A National Center for Policy Analysis report notes that the average child in foster care will live in multiple homes, and will live apart from at least one sibling. Few return to their birth parents. Many will not make successful transitions to adulthood. In 2005, the University of Chicago reported that among 19 year olds coming out of foster care, 37 percent had no high school degree; 33 percent were on public assistance; 27 percent of the young men had been incarcerated; and as many as 25 percent had experienced serious physical victimization. They were far more likely than other youth their age to be pregnant, unemployed, and unable to pay rent. 50 percent of the youth in homeless shelters were formerly in foster care. The resulting financial cost of shelters, welfare and the criminal justice system is greatly exceeded by the cost of lost potential and broken lives.
The Muskie School of Public Service describes the separation from siblings as “an extra punishment, a separate loss….” and states:
When youth are separated from their family by court order, they should have a right to continue to live with their siblings… Sibling contact provides continuity and stability during the separation from home and family. Brothers and sisters can provide advice and support, and talk about current issues without having to give history or background. They are able to enhance healing… as they have shared history related to the trauma… They share the same heritage and biology, unlike any other relationship. The sibling relationship is unique and should be fostered.
Research finds that siblings separated in foster care have more trouble healing, forming attachments, and developing a healthy self-image. A Pew Commission guiding principle states: “Children must have continuity and consistency in care-giving relationships, including healthy ties to siblings and extended family.” Some agencies try to keep siblings together, but too few foster families accept siblings.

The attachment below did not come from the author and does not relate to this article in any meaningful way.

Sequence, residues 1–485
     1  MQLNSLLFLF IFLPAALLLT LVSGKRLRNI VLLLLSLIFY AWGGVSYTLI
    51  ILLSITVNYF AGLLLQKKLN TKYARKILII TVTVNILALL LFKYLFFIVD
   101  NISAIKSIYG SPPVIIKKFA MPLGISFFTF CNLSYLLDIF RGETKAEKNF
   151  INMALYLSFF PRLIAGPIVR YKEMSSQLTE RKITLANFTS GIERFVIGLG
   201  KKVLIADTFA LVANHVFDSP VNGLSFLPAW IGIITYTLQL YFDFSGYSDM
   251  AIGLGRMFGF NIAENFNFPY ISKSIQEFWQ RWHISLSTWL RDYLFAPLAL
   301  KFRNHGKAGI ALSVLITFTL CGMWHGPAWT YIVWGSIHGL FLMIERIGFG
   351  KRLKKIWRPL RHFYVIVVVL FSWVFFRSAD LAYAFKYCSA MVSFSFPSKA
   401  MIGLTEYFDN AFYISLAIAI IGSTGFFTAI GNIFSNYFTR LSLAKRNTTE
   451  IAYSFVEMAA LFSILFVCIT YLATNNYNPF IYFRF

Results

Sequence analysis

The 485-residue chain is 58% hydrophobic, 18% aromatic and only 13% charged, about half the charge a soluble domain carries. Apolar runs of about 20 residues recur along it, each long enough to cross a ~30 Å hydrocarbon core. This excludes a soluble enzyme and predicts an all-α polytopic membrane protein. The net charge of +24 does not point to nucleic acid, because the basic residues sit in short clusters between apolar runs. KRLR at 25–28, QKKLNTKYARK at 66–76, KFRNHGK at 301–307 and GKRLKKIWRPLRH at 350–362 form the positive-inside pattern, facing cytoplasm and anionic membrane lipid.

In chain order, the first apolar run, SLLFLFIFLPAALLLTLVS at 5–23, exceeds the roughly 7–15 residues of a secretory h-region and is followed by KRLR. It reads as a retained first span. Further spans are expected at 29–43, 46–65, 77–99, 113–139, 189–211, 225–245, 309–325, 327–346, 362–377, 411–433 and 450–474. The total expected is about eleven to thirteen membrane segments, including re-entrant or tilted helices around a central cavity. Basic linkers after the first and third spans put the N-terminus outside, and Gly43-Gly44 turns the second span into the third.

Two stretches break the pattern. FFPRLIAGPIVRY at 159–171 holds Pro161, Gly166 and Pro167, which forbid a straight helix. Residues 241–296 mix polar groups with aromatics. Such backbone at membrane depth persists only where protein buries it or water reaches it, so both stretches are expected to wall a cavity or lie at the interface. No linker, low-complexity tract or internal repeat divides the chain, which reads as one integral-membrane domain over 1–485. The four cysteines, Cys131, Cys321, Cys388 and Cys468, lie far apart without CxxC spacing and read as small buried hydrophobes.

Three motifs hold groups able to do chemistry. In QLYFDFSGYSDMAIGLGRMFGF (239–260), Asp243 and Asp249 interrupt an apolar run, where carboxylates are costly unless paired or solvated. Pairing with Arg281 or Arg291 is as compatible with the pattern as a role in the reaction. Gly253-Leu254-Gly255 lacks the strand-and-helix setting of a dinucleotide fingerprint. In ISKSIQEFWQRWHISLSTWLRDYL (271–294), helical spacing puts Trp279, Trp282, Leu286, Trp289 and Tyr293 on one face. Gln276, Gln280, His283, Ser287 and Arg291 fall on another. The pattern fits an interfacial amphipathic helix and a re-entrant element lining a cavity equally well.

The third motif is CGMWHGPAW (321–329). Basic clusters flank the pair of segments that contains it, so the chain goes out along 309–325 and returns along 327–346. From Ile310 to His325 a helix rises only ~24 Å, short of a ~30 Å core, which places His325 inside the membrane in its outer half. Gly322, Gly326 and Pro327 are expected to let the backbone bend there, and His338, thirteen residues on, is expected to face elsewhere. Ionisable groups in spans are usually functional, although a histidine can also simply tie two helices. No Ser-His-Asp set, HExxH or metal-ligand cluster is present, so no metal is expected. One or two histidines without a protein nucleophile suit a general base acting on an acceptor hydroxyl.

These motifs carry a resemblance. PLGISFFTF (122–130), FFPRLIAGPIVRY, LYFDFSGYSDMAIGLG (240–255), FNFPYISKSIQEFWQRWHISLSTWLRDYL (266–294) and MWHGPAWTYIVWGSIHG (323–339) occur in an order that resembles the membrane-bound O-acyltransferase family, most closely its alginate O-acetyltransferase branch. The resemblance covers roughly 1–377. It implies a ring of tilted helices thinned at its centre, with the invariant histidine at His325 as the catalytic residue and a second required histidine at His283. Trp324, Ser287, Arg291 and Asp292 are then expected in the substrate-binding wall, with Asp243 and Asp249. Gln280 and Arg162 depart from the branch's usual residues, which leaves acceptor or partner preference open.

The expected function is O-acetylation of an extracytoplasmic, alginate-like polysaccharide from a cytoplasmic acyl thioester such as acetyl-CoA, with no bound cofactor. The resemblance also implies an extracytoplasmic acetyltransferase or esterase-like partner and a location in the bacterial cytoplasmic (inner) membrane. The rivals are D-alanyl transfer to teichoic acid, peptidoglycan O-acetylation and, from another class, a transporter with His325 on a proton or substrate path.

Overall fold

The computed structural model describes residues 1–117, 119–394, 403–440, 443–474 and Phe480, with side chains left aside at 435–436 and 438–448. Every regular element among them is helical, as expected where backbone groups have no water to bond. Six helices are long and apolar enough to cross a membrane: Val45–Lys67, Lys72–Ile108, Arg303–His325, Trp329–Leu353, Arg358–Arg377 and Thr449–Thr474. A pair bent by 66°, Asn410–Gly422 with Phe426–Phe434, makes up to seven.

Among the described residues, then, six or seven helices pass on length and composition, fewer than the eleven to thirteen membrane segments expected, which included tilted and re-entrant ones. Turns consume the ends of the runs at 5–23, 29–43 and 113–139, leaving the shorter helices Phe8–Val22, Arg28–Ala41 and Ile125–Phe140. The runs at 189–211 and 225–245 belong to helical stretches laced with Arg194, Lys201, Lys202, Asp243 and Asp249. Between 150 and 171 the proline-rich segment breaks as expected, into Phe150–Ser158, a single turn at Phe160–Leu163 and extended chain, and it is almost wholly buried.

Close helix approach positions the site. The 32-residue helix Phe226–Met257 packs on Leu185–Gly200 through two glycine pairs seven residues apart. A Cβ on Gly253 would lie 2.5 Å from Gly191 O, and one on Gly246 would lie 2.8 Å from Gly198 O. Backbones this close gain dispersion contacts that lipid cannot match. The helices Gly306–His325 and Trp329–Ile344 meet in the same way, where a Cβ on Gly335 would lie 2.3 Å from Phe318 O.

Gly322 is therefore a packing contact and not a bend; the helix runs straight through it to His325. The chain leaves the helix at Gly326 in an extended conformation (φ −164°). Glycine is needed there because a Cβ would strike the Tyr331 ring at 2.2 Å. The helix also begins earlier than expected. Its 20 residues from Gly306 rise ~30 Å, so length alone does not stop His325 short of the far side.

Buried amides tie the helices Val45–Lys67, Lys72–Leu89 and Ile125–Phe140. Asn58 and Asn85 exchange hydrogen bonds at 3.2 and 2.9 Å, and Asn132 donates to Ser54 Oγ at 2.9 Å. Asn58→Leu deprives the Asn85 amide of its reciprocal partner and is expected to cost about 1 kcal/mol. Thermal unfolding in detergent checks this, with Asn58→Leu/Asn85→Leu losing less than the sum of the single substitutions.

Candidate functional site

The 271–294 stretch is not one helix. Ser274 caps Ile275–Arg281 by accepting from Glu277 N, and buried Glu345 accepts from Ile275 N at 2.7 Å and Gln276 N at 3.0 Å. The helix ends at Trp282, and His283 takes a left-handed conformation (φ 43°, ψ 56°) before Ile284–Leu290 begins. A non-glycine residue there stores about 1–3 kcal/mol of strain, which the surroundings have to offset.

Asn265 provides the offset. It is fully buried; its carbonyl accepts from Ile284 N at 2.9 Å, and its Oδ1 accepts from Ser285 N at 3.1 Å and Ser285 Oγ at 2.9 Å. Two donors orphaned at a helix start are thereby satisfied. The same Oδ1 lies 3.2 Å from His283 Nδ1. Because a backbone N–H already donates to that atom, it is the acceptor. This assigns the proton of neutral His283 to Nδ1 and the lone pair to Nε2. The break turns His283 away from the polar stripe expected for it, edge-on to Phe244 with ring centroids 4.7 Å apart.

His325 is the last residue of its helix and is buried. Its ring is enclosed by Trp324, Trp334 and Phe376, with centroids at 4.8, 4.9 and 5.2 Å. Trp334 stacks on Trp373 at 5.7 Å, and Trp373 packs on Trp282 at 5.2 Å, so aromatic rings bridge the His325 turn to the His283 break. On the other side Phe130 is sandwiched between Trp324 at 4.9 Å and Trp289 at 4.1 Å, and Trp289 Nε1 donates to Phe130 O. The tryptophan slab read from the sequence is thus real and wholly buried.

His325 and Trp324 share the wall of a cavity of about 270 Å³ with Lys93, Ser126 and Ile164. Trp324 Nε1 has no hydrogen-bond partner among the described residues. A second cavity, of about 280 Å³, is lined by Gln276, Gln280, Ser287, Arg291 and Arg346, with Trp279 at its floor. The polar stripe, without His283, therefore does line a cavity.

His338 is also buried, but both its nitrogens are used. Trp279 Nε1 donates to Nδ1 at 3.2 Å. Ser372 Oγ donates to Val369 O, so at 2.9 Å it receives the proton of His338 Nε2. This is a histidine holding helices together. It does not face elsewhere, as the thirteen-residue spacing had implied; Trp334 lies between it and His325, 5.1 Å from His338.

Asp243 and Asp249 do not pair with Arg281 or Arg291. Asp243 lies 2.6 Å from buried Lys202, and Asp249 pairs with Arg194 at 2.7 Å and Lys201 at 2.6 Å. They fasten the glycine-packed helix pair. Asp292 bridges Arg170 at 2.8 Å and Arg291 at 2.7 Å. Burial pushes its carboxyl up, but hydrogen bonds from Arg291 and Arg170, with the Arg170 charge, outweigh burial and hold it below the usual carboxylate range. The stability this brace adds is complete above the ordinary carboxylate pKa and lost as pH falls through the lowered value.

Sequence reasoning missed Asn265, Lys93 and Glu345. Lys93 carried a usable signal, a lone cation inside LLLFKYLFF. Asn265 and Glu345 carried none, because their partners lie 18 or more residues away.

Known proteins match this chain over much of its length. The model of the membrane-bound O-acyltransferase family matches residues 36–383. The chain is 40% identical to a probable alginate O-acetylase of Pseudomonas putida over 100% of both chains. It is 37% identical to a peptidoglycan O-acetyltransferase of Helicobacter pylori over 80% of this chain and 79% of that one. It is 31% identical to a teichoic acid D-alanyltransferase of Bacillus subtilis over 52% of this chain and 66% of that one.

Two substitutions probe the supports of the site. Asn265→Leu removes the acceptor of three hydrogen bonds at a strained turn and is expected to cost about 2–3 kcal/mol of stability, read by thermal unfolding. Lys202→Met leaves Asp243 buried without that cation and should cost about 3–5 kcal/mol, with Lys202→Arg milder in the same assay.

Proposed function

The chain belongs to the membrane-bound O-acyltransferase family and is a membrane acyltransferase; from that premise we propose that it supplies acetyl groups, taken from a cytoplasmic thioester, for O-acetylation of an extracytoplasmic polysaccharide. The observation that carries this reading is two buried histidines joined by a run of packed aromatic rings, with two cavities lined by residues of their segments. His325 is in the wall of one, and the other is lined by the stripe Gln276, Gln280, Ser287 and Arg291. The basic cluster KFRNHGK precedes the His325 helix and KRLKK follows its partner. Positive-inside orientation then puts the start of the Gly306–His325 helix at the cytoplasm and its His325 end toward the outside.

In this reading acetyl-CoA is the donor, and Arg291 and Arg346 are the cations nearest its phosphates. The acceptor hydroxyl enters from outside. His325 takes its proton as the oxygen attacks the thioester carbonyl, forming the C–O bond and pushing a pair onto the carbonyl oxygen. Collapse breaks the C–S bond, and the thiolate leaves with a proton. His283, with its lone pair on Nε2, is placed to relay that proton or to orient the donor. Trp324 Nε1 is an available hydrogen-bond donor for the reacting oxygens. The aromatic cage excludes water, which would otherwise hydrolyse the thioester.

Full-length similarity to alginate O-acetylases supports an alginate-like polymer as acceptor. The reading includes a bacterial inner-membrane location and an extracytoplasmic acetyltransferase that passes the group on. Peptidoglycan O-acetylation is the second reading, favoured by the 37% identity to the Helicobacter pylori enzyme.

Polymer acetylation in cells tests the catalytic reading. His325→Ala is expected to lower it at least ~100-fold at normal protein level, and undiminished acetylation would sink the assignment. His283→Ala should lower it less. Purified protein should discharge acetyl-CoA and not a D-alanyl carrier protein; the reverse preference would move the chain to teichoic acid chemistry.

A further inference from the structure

Lynn is approaching the issue of sibling separation through a multi-pronged strategy, working on legislation, public relations, and disseminating best practices within the foster care system. Lynn and the leaders of Camp To Belong’s local affiliates are often called on to testify, support policy-making efforts, and educate various constituencies. Twenty-six states are now passing or evaluating laws regarding sibling relationships. In Colorado, Lynn served as the spokesperson for a coalition that introduced House Bill 1108, requiring court documentation of efforts made to avoid separating siblings placed in foster care. Because little data is available, the Sibling Connection Initiative (SCI) is collecting data comparing separated siblings to other youth aging out of the foster care system and is conducting a follow-up study on CTB campers. In Maine, Lynn worked with the Muskie School of Public Service and local partners to achieve “The Sibling Bill of Rights” and obtain state funding to start a Camp To Belong program. Lynn co-authored a Sibling Practice Curriculum with the Hunter School of Social Work, a guide to and justification of sibling-friendly practices. Because many CTB supporters are motivated by the importance of their own sibling relationships, Lynn drafted a resolution for a National Sibling Connection Day which Senator Salazar and Senator Ensign will cosponsor. Her strategy is to promote attention to siblings in foster care by focusing attention on siblings in general.